The United States and Canada were New Zealand's biggest foreign investors over the last three years, followed closely by Australia, China and Singapore, says KPMG in an analysis Overseas Investment Office (OIO) approvals.

The consultancy, in a report on foreign direct investment, also said Canterbury, Otago and Southland regions accounted for 49 per cent of all freehold land consented to under the Overseas Investment Act.

Ian Proudfoot, KPMG's global head of agribusiness, said this was likely to be the result of high volumes of sales among South Island dairy-conversion farms. Owners facing consecutive seasons of low returns were making decisions to sell heavily-indebted dairy farms, he said.

Overall, United States and Canada's foreign direct investment in New Zealand accounted for 17 per cent and 15 per cent respectively of gross consideration, followed by Australia with 12 per cent, China with 9 per cent and Singapore with 8 per cent.


Justin Ensor, deal advisory partner with KPMG, said New Zealand's relatively strong economic growth was a "good news story" when compared with the rest of the world.

"Globally, we're seeing a search for yield - this is partly due to the negative interest rate environments in some overseas markets," Ensor said. "New Zealand remains quite attractive from an offshore investor's point of view."

The research showed that there was a broad base of investment, from a spread of investor countries and across a diverse range of sectors.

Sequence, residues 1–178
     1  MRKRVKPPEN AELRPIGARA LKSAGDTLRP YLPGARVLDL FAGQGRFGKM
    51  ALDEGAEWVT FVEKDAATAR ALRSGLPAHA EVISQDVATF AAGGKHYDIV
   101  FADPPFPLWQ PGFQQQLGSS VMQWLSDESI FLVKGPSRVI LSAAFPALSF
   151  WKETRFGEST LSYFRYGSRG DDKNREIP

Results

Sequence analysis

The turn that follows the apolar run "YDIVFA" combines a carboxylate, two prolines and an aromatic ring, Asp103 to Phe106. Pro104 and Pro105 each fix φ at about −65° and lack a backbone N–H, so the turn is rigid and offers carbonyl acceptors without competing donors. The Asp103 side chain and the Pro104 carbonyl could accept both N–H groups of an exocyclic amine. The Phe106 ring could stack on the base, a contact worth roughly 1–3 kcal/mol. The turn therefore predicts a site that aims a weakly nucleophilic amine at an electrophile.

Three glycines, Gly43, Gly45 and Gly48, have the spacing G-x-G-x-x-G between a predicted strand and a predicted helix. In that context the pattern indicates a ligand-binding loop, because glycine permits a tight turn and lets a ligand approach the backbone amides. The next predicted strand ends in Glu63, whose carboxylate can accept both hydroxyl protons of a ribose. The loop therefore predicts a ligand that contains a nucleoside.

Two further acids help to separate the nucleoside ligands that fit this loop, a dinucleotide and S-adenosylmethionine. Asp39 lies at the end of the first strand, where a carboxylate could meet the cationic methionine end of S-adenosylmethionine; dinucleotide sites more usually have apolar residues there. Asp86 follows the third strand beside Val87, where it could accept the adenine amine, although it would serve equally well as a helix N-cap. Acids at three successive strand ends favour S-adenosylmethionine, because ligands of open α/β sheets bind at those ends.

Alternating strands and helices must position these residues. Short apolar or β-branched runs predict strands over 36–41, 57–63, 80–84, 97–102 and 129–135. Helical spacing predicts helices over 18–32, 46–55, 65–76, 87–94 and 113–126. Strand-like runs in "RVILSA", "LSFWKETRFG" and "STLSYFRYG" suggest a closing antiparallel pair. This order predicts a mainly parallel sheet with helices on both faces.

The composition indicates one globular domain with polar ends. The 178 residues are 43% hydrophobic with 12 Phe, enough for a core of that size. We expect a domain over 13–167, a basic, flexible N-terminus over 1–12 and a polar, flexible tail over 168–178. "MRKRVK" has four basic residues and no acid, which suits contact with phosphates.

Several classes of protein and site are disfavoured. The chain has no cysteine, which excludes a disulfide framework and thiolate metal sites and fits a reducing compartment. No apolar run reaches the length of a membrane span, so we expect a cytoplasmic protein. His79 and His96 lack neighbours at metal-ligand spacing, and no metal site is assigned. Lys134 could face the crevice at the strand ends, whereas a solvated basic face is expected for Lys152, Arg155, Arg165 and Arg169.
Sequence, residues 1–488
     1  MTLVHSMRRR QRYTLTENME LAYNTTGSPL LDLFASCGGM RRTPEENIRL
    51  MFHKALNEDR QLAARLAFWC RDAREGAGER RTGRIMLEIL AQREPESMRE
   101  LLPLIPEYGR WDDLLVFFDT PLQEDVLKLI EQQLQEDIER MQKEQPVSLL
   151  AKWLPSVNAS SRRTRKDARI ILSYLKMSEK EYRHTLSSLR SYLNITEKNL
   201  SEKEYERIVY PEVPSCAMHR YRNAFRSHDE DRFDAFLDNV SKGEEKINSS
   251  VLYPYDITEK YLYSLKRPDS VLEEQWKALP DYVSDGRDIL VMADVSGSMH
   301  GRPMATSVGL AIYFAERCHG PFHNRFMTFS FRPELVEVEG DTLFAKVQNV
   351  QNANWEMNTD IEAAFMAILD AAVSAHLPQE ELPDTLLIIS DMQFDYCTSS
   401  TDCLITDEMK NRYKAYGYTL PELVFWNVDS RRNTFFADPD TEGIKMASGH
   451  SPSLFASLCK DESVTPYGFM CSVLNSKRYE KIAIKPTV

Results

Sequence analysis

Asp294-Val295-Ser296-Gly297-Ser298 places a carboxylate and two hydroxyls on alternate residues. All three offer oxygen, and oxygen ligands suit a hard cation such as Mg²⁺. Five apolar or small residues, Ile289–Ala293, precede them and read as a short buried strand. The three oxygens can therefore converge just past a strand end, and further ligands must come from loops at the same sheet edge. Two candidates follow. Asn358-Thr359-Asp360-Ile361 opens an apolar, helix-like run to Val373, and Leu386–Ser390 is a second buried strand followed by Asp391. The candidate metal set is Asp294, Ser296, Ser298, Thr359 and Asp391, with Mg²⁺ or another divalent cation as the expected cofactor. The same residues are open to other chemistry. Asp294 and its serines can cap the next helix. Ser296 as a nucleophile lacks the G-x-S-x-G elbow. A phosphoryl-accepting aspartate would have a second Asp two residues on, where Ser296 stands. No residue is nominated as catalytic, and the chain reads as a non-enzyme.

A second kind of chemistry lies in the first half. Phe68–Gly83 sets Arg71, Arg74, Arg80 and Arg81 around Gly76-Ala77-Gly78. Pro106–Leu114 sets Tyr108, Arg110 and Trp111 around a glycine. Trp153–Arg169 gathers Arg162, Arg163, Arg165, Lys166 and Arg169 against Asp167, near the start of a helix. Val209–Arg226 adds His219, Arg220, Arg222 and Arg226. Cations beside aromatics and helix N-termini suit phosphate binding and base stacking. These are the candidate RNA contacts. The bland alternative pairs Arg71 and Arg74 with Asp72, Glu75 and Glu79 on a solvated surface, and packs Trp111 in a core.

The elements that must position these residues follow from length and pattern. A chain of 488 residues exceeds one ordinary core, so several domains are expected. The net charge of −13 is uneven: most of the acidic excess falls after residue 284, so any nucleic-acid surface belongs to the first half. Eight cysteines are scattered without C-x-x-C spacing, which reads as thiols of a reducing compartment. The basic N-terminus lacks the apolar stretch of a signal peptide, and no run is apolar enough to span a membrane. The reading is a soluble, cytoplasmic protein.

While there had been $3.4 billion of agri-investment during the three years, none of the deals were large enough to make it to the top 10 of publicly-disclosed transactions. There was strong interest in the top three sectors of utilities, real estate and food.

Asia-based investors generally had a narrower focus; largely centred on agribusiness, food, and waste management sectors, he said.

"By contrast, traditional markets like the US and Australia tend to have a much broader base of investment, perhaps reflecting the maturity of their investment networks," Ensor said.

The total foreign direct investment for the three-year period was about $26.3b, with the 10 largest transactions accounting for around 33 per cent of that. The largest single transaction was the $1.3b sale of Goodman Fielder, which was jointly acquired by a Singapore-based company and a Hong Kong-listed investment firm.

Another large acquisition, $1.0b for St Lukes Group, saw Singapore become New Zealand's largest source of foreign direct investment in 2015.

Proudfoot said New Zealand must remain open and welcoming to "high-quality" foreign investors.

"The only way we're going to capture a fairer share of the value we create is by having good quality foreign partners in offshore markets, so that we can grow businesses of a global scale," he said.

Proudfoot said the optimal kind of foreign investment is where offshore investors are injecting capital into New Zealand-owned entities, as opposed to transactions between two offshore companies.

He used the example of the deal between Silver Fern Farms and Shanghai Maling, due to take effect in January 2017. The Chinese-based company is investing $261 million in a 50/50 partnership with Silver Ferns Farms with a view to building the brand.

By sector, dairy, forestry and milk processing were the leading areas for investment in the agribusiness sector.

"We expect that investment in milk processing will be subdued until dairy prices recover," the report said.

"However, this may be offset by speculative buying of farms in the event that forced sales occur in this sector," it said.

The United States was the biggest acquirer of land for the 2013-15 period, accounting for 40 per cent, followed by China (11 per cent ) and Hong Kong (7 per cent ). Forestry transactions were the most significant driver behind this statistic, KPMG said.

The report analysed approvals from the period January 2013 to December 2015.